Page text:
From the waterfront, an aerobic 20-minute hike up a steep hill crowned by a giant white cross offered views over Stari Grad and the plains beyond, a UNESCO World Heritage Site of fourth-century agricultural fields, with stone walls circumscribing grapevines and olive orchards.

That evening, we visited them to reach Konoba Kokot , a farm restaurant that specializes in “peka,” a kind of barbecue in which meat cooks under an iron lid piled with hot coals. The family that runs it opened in the preseason, welcoming us with bracing shots of rakija, a local herbal liquor. At a long table under an arbor, we gorged on homemade goat cheese, wild boar pate and, from the hearth, roast lamb, veal and octopus with limitless jugs of red and white wine for 35 euros a person.

Starry nights

Small ships are unmatched at getting into small ports, but a yacht trip is also a little like camping, starting most mornings with D.I.Y. instant coffee. Marinas offered free bathhouses with showers.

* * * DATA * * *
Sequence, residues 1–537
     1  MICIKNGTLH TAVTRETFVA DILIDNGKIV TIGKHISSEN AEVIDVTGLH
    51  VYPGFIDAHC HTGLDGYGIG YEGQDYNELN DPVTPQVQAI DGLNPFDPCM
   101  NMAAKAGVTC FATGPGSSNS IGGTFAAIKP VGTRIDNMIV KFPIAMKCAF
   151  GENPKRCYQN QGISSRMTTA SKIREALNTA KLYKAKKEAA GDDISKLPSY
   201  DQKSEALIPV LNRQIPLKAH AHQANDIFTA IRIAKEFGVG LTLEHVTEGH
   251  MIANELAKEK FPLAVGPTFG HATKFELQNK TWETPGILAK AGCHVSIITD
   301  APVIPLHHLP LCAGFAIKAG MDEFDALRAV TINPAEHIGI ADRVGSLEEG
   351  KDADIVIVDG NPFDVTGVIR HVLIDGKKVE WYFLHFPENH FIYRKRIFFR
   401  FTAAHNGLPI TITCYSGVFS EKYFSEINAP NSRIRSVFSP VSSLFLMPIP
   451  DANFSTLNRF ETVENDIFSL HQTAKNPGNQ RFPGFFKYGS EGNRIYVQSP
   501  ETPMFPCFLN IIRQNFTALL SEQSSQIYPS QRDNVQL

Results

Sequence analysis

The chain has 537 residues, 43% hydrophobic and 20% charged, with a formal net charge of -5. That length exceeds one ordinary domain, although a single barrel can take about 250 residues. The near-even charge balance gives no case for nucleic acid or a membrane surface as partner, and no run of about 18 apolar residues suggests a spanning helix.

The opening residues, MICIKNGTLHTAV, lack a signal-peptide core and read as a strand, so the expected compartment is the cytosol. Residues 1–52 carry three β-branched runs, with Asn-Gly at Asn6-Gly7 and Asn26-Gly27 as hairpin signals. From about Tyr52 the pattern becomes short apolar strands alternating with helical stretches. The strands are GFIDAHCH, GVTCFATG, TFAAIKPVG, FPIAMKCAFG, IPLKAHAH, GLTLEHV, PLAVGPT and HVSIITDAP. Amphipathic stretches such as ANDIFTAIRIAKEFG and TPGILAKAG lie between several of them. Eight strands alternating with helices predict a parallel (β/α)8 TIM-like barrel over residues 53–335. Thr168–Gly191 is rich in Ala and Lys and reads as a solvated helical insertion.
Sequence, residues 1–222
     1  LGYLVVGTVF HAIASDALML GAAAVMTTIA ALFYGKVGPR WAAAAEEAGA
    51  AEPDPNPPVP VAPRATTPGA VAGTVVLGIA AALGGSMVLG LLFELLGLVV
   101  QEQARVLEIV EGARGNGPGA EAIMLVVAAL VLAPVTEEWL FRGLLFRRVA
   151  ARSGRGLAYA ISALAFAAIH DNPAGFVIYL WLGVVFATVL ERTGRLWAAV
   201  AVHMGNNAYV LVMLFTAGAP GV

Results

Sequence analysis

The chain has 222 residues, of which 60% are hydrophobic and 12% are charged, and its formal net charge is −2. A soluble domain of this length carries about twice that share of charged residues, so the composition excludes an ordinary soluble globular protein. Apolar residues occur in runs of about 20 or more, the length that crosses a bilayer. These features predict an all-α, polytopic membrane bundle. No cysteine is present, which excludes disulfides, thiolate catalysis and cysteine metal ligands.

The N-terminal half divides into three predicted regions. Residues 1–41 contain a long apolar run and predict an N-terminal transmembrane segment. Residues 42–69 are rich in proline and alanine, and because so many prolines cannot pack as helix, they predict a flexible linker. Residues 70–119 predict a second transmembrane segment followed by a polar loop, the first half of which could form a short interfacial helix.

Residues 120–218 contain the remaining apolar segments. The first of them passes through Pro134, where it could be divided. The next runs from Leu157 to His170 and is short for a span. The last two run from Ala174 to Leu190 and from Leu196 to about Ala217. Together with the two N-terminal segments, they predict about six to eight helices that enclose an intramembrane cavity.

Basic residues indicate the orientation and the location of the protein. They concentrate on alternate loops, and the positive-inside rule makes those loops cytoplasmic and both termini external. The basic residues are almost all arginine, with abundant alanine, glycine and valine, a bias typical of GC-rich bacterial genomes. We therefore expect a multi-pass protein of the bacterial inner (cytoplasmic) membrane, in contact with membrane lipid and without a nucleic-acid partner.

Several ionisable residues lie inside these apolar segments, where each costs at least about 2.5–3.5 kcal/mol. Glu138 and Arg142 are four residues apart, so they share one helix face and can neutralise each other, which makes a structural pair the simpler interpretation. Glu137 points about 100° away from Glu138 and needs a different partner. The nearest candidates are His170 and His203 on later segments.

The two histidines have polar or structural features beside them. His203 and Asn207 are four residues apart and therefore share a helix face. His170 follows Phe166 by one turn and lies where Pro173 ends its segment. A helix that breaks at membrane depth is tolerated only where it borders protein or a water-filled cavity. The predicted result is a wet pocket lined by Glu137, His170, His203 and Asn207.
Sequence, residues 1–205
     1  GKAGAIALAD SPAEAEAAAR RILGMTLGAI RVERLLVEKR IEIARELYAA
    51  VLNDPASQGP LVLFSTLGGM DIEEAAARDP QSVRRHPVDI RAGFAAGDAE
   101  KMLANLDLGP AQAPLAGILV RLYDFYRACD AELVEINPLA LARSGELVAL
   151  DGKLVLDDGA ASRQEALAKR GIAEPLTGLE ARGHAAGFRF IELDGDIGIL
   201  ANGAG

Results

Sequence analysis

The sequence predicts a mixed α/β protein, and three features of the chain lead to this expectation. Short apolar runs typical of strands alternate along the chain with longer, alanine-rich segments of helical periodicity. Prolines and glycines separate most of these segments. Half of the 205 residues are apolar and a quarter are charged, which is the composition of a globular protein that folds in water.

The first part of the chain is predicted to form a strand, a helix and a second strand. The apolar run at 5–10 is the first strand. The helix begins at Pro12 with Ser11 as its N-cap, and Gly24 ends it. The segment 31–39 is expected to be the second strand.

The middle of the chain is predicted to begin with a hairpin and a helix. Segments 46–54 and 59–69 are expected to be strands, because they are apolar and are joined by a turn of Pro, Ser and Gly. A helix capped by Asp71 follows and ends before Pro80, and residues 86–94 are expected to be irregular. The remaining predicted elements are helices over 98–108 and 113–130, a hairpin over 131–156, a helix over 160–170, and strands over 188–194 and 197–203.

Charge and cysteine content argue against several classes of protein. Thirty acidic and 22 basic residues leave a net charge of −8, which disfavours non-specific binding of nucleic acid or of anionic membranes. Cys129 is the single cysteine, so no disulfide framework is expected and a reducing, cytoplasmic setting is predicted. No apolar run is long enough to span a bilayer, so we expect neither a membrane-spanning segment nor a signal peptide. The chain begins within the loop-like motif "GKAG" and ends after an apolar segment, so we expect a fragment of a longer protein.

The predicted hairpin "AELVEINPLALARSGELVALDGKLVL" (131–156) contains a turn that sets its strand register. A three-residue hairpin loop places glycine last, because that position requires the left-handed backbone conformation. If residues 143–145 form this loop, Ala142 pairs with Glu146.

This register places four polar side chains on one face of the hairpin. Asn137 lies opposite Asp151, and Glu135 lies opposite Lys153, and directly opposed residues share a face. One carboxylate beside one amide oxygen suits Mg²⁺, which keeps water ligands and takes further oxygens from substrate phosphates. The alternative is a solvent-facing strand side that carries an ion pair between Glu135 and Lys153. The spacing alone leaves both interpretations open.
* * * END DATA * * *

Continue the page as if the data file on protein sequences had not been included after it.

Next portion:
Cool temperatures apparently deterred the celebrity-filled mega yachts, which are known to anchor in the town of Hvar on the south shore of Hvar island. Our captain declared it the “Mykonos of Croatia” as we motored by the port bustling with visitors carrying shopping bags and cones of gelato.

With clear weather in the forecast, we moored in an undeveloped cove east of town. The mooring belonged to the owners of Moli Onte restaurant, who ferried us to land on a motorized dingy, allowing us enough time before dinner to visit the fortress above Hvar and have an Ozujsko beer on St. Stephens Square, the largest in the region of Dalmatia.

Back on board, with no artificial light to wash out the night sky, we hit the upper deck for stargazing. As my shipmates peeled off to bed, I grabbed a blanket and beanie and bedded down under the stars for the evolving show, periodically waking to catch the drama of the moon rising, reflected in the still water.